As summer draws to a close, crisp and cool fall weather signals that it’s time for pumpkin patch season, hayrides, evening bonfires, and crackling flames in the fireplace at home. The smell of leaves mingled with hot cider and burning wood creates fall’s mystique and magic. Still, without proper safety tips, individuals enjoying those autumnal bonfires and warm fireplace flames can spread unwanted sparks that ignite danger.
Before starting a fall bonfire anywhere or lighting the first fire of the season in the fireplace, abide by these safety tips.
Five Fireplace Safety Tips for Homeowners
A fire in the fireplace seems like a wonderful solution to warm the home and add ambience for a cool fall day. While the fireplace seems like a contained location, hidden dangers can pose a risk to the home and the family. Do not light a match or flame in the fireplace without following all the safety recommendations.
Schedule fireplace maintenance before fall begins.
The fireplace must be maintained and cleaned regularly. Before using the fireplace for the first time in the fall, schedule an appointment for maintenance, cleaning, and inspection. A bird’s nest could be hidden in the stack or other debris that poses a hazard.
Check that the flue is open.
The flue in the fireplace is designed to allow smoke to escape. If the flue ‘damper’ is closed, the smoke billows out and into the home. Smoke from fires poses respiratory issues and other concerns.The fire must be completely extinguished before homeowners can safely close the damper. Not a single ember can remain.
Teach children to stay away from burning fires.
Always teach children about fire safety. Children should know not to stand close to a fireplace with a burning fire. Glowing embers occasionally fall from the fireplace; if this burning ember falls on a child, it could ignite their clothes or cause damaging burns.
Keep areas around the fireplace clear of any flammable materials.
Do not place any flammable items or materials near the fireplace. Flying embers could ignite the item and lead to a house fire. Clear the area in front of the fireplace.
Never leave a fire unattended.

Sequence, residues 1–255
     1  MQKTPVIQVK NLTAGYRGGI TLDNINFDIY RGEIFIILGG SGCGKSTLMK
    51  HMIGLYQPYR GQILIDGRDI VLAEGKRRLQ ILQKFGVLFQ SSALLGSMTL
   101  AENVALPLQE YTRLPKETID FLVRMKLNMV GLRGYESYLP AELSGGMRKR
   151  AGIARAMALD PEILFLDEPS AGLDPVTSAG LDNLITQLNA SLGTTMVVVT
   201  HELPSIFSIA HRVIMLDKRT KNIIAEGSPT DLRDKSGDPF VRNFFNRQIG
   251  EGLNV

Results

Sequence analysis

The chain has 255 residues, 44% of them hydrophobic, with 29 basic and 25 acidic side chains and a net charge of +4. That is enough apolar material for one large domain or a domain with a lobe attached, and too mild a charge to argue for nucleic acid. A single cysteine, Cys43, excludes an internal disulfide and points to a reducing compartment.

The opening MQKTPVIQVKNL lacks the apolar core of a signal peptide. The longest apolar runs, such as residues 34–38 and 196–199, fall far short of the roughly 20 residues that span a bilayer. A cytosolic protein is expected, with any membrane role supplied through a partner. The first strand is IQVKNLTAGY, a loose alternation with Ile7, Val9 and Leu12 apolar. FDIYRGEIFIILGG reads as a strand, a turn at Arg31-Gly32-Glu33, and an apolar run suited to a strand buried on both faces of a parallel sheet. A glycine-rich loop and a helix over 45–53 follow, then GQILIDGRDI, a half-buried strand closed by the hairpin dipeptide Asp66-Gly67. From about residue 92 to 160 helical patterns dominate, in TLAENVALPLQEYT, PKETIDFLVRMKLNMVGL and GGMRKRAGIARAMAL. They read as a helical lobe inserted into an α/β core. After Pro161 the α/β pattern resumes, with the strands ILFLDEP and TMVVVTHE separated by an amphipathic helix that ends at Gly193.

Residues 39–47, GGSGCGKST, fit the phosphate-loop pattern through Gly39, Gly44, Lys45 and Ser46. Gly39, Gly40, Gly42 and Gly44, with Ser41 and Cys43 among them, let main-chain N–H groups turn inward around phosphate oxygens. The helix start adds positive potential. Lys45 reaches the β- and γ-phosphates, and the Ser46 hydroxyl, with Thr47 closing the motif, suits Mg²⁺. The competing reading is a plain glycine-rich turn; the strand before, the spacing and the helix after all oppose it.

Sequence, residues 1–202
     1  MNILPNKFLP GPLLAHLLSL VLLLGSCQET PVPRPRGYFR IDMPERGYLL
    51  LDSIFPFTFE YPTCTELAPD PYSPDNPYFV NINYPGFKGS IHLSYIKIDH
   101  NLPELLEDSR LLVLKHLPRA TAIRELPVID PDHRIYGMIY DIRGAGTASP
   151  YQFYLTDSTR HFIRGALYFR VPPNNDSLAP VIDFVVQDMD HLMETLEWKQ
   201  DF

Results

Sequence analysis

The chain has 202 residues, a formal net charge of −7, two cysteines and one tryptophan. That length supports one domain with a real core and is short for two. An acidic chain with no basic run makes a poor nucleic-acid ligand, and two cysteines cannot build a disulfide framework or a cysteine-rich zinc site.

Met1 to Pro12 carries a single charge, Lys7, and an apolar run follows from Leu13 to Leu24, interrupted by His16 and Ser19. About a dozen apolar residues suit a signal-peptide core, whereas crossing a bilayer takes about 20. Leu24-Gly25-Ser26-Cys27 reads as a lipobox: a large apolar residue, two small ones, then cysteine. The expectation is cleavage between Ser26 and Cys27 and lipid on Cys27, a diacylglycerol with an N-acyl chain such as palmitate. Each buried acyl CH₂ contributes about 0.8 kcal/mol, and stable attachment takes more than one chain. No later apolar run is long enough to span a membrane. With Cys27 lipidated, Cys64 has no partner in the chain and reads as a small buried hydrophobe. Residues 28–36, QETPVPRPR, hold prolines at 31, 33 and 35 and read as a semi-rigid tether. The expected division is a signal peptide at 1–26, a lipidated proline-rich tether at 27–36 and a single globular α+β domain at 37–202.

Homeowners should NEVER leave a fire unattended. Ensure that the fire is extinguished before going to bed or leaving the home. All embers must be fully extinguished; even a tiny glowing ember has the potential to reignite a fire.
Bonfire Safety Tips
Fall bonfires are a festive way to stay warm during parties, hayrides, and other autumnal celebrations. Before igniting a bonfire, individuals must understand the laws in Eureka that guide open burning. A bonfire is considered an ‘open burn,’ a permit must be secured before starting any outdoor fire for recreational, ceremonial, or other purposes.
After securing a permit, individuals should keep these safety tips and rules in mind:
Understand how to build a bonfire safely.
When building a bonfire, only use vegetative wood materials and untreated wood. Using other materials is prohibited; chemicals found in treated wood can lead to toxic emissions or other environmental hazards.
Keep the area clear.
Do not place flammable items near an open flame. Flying embers can ignite materials; this can quickly cause a fire to burn out of control.
Check the weather.
Dry conditions and fires don’t mix. Just because a permit is issued for a burn does not mean that conditions can’t change. Always follow weather reports and updates from EFPD related to outdoor burning during dry weather.
If a flame starts to diminish or die out, do NOT pour gasoline or other flammable liquids on the flame. Instead, feed the flame with the appropriate types of wood.
Watch the fire.
An open burn is the responsibility of the individual who requested the permit. Never leave the fire unattended; fully extinguish the flames when the festivities are over, or the fire is no longer necessary. No glowing embers should remain.
Stay Safe During Fall’s Festivities
As cool weather approaches and autumn’s festivities spice up the calendar, remember to abide by all safety tips and recommendations when lighting the first fire in the fireplace this season or celebrating a hayride with a bonfire. Reach out to EFPD to apply for an open burn permit for bonfires, and remember never to leave a fire burning unattended!
About the Author:
Eureka Fire Protection District is an EMS, Fire, and Rescue service provider located in Eureka, Missouri. Staffed with nearly one hundred volunteer and career Paramedics, EMTs, Firefighters, Junior Firefighters, and administrative teams, the department provides its local community with fire prevention, education, safety resources, and emergency relief. Eureka Fire Protection District maintains a reputation as a well-run, high-performing fire department by keeping up to date with the latest in life-saving training and technology.